Meet The Fall 2020 New Faculty
This semester the School of Earth & Sustainability welcomes five new faculty members from three departments.
Title: Senior Lecturer
Department: Environmental Conservation & Geosciences
Dr. Britt Crow-Miller is a Senior Lecturer in the Departments of Environmental Conservation and Geosciences at UMass Amherst. Her academic research is focused on environmental politics, sustainability, global development, and water resource management in China and cities of the Western U.S. In 2018, Britt founded CityWild, a nonprofit organization with the mission of inspiring curiosity about nature through fun, exploration, and hands-on learning for kids and families, including those in underserved communities. The foundation of CityWild was laid in Portland, Oregon, and the organization relocated with Britt to New England in 2020. She received her Ph.D. in Geography from UCLA and holds an M.A. from Harvard University and a B.A. from Bard College.
Title: Associate Professor
Dr. Martin Medina-Elizalde is an Associate Professor in the Department of Geosciences. His research areas include the climate and the collapse of the Maya civilization, sea-level change during the glaciations, paleoclimate sensitivity, and glacial-interglacial tropical climate variability. He graduated with his B.A. in Marine Biology from the Universidad de Baja California Sur, México. He did his Master’s in CINVESTAV-Merida in coral geochemistry with Prof. Gerardo Gold and got his Ph.D. in tropical climate evolution with Prof. David W. Lea at the University of California, Santa Barbara. During his postdoc at UMass Amherst, he and his advisor, Stephen Burns, obtained the first quantitative estimates of the magnitude of the droughts associated with the demise of the Maya civilization. Since then, Martin has been working on the thermal and hydrologic reconstruction of tropical regions and their sensitivity to greenhouse gases. Martin was previously an assistant professor at the Centro de Investigación Científica de Yucatán, a visiting Assistant Professor at Amherst College, and Associate Professor at Auburn University, Alabama.
Title: Assistant Professor
Department: Landscape Architecture & Regional Planning
Samantha Solano is an Assistant Professor of Landscape Architecture in the Department of Landscape Architecture & Regional Planning. Samantha’s scholarship engages with revealing unrepresented narratives overlooked throughout landscape architecture discourse. Her work integrates two main streams—arid territories and the social, political, and cultural values that have led to the mismanagement of desert lands, and the empowerment of design, environmental, and racial justice narratives in practice, the profession, and the academy. Her research and design methodologies are centered on using critical mapping as a means of revealing unrecognized, unformalized, and unrepresented relationships hidden throughout the landscape. Professor Solano is also the founding principal of JUXTOPOS, a co-founder of the Visualizing Equity in Landscape Architecture (VELA) project, and a co-collaborator of the International Landscape Collaborative (ILC). Samantha previously held faculty appointments at the University of Nevada, Las Vegas (UNLV). She holds the Master in Landscape Architecture from the Harvard University Graduate School of Design and a Bachelor in Landscape Architecture from UNLV.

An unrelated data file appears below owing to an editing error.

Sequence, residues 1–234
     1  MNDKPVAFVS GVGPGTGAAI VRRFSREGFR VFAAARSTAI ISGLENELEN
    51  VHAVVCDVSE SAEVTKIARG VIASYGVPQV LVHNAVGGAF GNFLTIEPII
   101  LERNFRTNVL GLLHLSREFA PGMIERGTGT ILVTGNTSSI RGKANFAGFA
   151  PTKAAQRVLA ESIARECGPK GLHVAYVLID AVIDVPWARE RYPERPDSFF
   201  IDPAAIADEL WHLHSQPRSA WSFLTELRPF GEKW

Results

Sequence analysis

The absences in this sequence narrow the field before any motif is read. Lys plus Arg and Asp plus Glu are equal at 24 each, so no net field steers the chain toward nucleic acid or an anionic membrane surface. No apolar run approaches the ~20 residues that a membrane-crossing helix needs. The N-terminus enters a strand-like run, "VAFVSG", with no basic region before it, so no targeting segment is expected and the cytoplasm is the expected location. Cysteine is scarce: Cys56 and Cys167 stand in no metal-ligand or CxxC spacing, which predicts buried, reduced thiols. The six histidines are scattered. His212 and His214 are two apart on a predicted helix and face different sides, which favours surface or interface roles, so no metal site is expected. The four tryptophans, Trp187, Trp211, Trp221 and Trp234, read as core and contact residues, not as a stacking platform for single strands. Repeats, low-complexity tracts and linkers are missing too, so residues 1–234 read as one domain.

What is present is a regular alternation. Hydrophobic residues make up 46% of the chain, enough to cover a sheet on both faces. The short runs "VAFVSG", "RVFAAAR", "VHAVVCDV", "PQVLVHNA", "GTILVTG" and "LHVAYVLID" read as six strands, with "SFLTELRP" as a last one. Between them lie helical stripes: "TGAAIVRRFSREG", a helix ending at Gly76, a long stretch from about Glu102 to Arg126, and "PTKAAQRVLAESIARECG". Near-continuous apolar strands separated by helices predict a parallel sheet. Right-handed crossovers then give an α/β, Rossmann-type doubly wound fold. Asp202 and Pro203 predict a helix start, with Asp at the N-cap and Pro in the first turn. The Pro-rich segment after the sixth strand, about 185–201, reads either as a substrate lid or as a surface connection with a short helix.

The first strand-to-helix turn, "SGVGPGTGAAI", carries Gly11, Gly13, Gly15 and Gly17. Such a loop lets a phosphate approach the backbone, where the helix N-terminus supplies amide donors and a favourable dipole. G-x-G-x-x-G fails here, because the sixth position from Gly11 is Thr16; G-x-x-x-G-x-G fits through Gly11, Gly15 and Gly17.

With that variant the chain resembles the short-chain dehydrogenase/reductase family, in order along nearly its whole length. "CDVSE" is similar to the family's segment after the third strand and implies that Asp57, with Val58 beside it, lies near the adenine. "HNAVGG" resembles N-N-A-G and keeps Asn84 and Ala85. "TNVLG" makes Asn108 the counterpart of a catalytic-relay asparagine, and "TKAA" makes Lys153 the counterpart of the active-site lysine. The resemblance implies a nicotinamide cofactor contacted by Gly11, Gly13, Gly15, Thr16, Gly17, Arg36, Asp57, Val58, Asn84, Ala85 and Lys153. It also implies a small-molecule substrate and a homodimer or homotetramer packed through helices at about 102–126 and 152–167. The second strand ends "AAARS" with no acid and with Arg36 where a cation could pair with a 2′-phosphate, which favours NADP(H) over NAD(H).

Department: Environmental Conservation & Geosciences
Dr. Eric Thomas is a Lecturer in the Departments of Environmental Conservation and Geosciences. Dr. Thomas is an environmental anthropologist whose research applies a critical development perspective to contemporary state and capitalist projects along remote resource frontiers. For the past five years, he has conducted ethnographic fieldwork on the coast of Chilean Patagonia, where a series of harmful algal blooms have resulted in the closure of fisheries and mass mortality events at local salmon farms. Conducted in the wake of these disasters, his work examines the relationship between industrial aquaculture and artisanal fishing in remote coastal communities as well as the long-term sustainability of these and other sectors of the coastal economy. His research methods include participant observation, career history surveys, participatory mapping, and semi-structured interviews. He is originally from mid-coast Maine and received his Ph.D. in Anthropology from the University of North Carolina, Chapel Hill.
Department: Environmental Conservation
Paul Wolff is a Lecturer in the Department of Environmental Conservation. Professor Wolff is a lifelong “Maker” and has dedicated his professional career to environmental conservation, sustainable development, and experiential learning. Prof. Wolff has facilitated the pursuit of high-performance building design, sustainability policy development, innovative curriculum design, and long-term climate resiliency planning as part of dynamic collaborations with National Grid, MIT, the Northeast Retail Lumber Association (NRLA), Northeastern University, the Massachusetts Water Resources Authority (MWRA), the Open Agriculture Initiative (OpenAg), and the Harvard Business School (HBS). Wolff earned a Master of Architecture Degree from Harvard University and received a Doctor of Education Degree from the University of Pennsylvania. His Bachelor is in art and sculpture at the Rhode Island School of Design. Prof. Wolff’s dissertation explored the similarities and differences of physical and virtual placemaking, and the extent to which the approach may impact the learning experience for students and/or the shape of learning spaces in the future. He is currently researching the use of alternative forms of scholarship such as comics, podcasts, stop-motion animations, zines, and graphic novels to construct knowledge in new ways, and to disseminate academic research to wider audiences.